As a early adopter of C# back in late 2000, out of the then codenamed NGWS, I gave myself three full days of studying those unstable experimental compiler and libraries, even tweaking in ugly ways my then Windows 98 to just be able to play with it on the command line. I didn't care about the commercial argument package of MS on how it would bring revolution to the web, etc, blah blah.

All what I wanted to see is what Anders had been busy with after his "betrayal" or kind of, of the Borland Delphi folks 3 years earlier. I wanted to know if some rumors about a better design than Java, the language, were true. So I picked every thing I didn't like or had found clumsy in Java and looked how C# would see things.

I liked what I saw. I had no idea and no specific hope for .NET otherwise. But if, say, C# would be wanted, I knew that at least I would enjoy and feel safer with it than with Java, about which I, too, was maybe seen as a bit cretin not to find "wonderful".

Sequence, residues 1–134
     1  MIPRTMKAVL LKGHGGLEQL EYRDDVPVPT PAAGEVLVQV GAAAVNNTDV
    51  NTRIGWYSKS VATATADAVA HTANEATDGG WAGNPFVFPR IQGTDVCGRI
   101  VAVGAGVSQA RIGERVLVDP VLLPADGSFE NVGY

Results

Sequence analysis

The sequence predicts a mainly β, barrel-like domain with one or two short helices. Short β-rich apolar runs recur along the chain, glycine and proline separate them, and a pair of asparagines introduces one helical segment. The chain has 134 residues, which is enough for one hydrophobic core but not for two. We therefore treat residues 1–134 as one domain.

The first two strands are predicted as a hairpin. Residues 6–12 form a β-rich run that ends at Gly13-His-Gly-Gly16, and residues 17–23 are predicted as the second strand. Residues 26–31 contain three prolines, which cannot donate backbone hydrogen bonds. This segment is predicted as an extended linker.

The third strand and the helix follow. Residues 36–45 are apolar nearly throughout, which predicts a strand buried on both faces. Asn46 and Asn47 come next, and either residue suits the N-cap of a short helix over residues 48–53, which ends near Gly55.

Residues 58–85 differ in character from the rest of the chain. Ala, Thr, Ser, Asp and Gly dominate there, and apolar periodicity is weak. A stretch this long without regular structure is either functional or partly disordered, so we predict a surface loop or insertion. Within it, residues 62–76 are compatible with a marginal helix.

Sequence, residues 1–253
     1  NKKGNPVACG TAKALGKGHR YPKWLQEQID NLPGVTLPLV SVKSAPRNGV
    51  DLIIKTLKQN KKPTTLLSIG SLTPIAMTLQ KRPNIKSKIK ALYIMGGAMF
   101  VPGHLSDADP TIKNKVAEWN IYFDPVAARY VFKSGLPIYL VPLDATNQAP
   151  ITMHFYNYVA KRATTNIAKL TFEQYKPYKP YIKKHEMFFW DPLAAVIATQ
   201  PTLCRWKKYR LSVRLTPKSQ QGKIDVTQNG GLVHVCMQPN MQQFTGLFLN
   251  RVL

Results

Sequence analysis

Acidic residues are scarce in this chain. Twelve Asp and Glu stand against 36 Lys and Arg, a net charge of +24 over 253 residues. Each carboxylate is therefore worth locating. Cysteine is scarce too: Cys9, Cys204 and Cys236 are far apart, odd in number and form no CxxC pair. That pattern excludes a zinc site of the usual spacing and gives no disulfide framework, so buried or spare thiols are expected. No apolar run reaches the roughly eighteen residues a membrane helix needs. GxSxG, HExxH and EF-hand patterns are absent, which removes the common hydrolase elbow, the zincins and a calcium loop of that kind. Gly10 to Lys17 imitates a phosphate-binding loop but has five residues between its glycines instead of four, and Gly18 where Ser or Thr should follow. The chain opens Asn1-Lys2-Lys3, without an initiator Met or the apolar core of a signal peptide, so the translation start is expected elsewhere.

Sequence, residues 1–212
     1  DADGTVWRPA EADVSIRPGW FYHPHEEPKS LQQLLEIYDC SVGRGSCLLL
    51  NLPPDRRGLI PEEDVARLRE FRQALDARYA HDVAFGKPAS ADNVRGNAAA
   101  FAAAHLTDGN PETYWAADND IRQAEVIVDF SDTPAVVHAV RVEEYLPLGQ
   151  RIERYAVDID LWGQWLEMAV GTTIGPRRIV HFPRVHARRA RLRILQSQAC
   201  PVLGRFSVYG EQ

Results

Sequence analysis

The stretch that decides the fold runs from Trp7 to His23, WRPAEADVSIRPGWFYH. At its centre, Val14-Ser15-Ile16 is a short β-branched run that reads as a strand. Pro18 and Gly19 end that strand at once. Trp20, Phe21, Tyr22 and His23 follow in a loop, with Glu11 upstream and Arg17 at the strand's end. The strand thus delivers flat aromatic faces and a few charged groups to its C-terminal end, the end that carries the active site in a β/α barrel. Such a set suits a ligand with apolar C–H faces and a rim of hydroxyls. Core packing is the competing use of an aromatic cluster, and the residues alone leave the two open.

The difficult part is having the language be really innovative in its ways to even allow subsets of it already more useful than the competition. Then yes maybe you can have a chance to overcome the social factors resistance. But it's never immediate anyway.

thanks, I can only offer funny ideas

I don't want you to get the idea I'll never respond. I just don't post unless I have something to add. Responding is flattery enough; remarks about wisdom make me wince. (If you write clearly, people like what you say, even when commonplace. It's like a weird inverse effect of the world view phenomemon. Often folks refuse to understand unless they agree; so if you can get them to understand, they might agree out of habitual association.)